The CDC says there's yet another illness that you need to be aware of; one that has serious outcomes as doctors warn of a possible outbreak of AFM, or Acute Flaccid Myelitis, which can cause paralysis in children.
When Kinleywas just 5 years old, what started as a stomach and headache turned into exhaustion. By the time her parents got her to the hospital, she was admitted into the ICU. By the next morning, she was on life support and paralyzed in all limbs.
Now 11, hers is one of the 633 nationwide cases to date of AFM. Dr. Janell Routh, a pediatrician and AFM Team Leader for the CDC, says they've been tracking the neurologic condition since 2014.
“Something changed in 2014, the epidemiology changed and we saw an increase in cases,” Routh said. “We confirmed 120 cases in 2014. We think that new epidemiology suggests that we have either a new cause for this condition or a cause that somehow changed to become more virulent.”
By 2018, the number of cases had doubled. Which means 2020, the year that seems to be affected by everything, will see more cases. The CDC says the type of virus that causes AFM starts with a basic fever. Which then may go away and come back.
“Most parents don’t necessarily think much about a fever and the sniffles- if parents do see limb weakness so their child complaining of pain maybe headache or back pain and weakness in one or more limbs that is a sign they need to seek medical care immediately,” Routh said.
Routh says AFM progresses rapidly by attacking the gray matter of the spinal cord. Paralysis can set in in a matter of hours or days.
“I remember one mother telling me that her child laid limply on her chest, couldn’t move. Those are signs that they really need to call their pediatrician or go the ER and get evaluated,” Routh said.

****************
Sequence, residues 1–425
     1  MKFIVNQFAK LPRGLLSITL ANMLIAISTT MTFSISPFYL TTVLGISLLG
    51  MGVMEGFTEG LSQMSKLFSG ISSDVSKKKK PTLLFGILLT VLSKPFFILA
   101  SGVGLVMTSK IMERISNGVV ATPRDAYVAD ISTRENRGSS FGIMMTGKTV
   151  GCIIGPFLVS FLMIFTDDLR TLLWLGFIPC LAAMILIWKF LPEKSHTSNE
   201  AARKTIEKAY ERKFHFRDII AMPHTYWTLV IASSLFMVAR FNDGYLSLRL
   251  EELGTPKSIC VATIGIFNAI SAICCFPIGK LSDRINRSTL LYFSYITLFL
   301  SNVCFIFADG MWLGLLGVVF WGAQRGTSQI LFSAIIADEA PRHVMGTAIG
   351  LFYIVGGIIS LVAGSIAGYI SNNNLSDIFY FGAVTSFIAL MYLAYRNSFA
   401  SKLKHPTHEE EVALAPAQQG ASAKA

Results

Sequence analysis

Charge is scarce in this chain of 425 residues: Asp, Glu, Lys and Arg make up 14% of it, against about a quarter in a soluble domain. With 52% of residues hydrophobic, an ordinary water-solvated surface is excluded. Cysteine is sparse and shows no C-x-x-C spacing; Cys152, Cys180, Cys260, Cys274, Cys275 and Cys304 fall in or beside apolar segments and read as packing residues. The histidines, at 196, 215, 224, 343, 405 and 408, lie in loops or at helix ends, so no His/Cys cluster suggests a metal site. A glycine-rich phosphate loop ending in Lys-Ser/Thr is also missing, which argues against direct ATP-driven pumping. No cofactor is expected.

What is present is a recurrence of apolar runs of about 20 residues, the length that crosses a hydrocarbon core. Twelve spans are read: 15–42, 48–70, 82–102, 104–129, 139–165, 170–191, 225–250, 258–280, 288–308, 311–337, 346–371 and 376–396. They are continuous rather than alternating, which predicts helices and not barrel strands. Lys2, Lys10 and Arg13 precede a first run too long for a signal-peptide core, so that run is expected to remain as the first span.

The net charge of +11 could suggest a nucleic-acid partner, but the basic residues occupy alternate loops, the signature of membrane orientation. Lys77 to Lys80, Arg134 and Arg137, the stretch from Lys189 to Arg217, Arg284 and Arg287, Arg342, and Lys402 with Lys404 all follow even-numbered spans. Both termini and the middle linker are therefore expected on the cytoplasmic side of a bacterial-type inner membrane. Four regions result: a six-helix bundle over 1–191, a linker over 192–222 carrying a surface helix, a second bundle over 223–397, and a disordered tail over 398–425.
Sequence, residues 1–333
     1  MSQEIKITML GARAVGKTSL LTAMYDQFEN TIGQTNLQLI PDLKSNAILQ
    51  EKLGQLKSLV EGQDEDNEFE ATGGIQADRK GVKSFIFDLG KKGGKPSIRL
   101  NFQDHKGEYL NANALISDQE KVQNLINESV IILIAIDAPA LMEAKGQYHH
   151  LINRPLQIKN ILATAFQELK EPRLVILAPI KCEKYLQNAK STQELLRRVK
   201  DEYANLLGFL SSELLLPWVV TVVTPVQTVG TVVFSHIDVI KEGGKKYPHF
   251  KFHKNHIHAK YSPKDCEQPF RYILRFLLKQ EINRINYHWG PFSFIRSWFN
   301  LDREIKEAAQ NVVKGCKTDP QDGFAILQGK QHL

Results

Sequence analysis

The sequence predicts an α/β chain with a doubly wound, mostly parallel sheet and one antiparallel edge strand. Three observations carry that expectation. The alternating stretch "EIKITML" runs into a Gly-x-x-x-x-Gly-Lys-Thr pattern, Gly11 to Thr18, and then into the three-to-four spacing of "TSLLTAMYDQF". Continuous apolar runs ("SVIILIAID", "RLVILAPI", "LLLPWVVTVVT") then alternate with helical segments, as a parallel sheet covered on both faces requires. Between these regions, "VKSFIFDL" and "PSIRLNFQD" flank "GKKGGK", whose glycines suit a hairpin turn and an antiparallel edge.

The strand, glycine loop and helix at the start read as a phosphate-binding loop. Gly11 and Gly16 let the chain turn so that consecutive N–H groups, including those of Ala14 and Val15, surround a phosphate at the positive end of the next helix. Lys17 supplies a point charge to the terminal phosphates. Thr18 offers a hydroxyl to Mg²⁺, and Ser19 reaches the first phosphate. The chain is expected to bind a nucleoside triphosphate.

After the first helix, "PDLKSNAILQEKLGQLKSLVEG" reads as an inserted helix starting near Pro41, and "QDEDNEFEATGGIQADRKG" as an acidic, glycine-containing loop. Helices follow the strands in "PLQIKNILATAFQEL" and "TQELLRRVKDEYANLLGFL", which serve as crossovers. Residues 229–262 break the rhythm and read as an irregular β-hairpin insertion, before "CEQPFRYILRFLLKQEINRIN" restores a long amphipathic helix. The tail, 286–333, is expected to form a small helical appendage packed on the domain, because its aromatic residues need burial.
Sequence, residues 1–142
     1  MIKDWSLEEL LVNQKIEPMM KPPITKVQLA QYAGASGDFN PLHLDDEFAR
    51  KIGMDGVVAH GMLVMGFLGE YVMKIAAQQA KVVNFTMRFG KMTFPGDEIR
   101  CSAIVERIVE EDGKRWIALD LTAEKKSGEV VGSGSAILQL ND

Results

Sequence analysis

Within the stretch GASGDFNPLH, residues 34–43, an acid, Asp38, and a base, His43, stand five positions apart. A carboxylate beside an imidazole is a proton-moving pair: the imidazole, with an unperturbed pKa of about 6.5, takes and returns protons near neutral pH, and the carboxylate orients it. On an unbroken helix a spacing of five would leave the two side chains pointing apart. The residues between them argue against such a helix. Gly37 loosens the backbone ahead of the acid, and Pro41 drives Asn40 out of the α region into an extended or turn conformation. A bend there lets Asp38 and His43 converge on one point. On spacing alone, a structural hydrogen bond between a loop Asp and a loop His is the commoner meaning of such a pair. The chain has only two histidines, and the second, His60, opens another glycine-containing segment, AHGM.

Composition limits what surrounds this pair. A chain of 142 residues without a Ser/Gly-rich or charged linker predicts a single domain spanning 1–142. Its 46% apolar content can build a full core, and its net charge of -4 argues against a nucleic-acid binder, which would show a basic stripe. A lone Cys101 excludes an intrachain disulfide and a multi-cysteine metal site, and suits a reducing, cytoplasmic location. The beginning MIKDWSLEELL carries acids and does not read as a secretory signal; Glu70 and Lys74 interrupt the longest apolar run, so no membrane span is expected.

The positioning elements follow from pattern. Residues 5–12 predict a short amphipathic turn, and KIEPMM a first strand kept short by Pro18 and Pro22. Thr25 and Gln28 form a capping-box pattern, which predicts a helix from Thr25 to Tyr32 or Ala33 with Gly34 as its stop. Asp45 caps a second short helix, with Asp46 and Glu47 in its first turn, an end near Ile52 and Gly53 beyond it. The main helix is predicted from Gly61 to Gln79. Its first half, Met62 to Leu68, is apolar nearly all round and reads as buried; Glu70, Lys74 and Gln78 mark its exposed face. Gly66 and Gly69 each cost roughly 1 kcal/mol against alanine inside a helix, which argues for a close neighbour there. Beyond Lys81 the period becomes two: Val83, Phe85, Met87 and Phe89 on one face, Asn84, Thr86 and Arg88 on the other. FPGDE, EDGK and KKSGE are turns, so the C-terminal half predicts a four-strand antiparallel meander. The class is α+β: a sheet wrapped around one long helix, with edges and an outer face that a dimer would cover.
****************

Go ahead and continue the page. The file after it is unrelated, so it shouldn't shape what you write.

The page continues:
As it's a relatively new syndrome, there's a lot we don't know. There's no lab test to diagnose it and there's no vaccine. 90% of the cases are in children under the age of 18 with the average age being 5. Some recover, some have long term complications like Kinley, who is now 11 and still on a ventilator. She's regained use of her right leg and foot and uses it for school work and painting.
“I’ve definitely seen how this condition can affect children and their families, not just from a physical standpoint but from an emotional standpoint disrupting the lives of families,” Routh said.
The CDC is now trying to track patients and outcomes, tracking the recovery of those who have been diagnosed and researching those who may be at risk. They do know that it seems to affect kids in late August and early September, and prevention is similar to what you'd do for other viruses like COVID-19. Hand washing, staying home if you're sick, and having good cough etiquette.
“AFM is a medical emergency and so if parents do see signs of limb weakness in their children after a viral illness and in those late summer early fall months - call your pediatrician go to the emergency room,” Routh said.
And she says, while there is so much focus on COVID-19, it's definitely not the only virus that is spreading.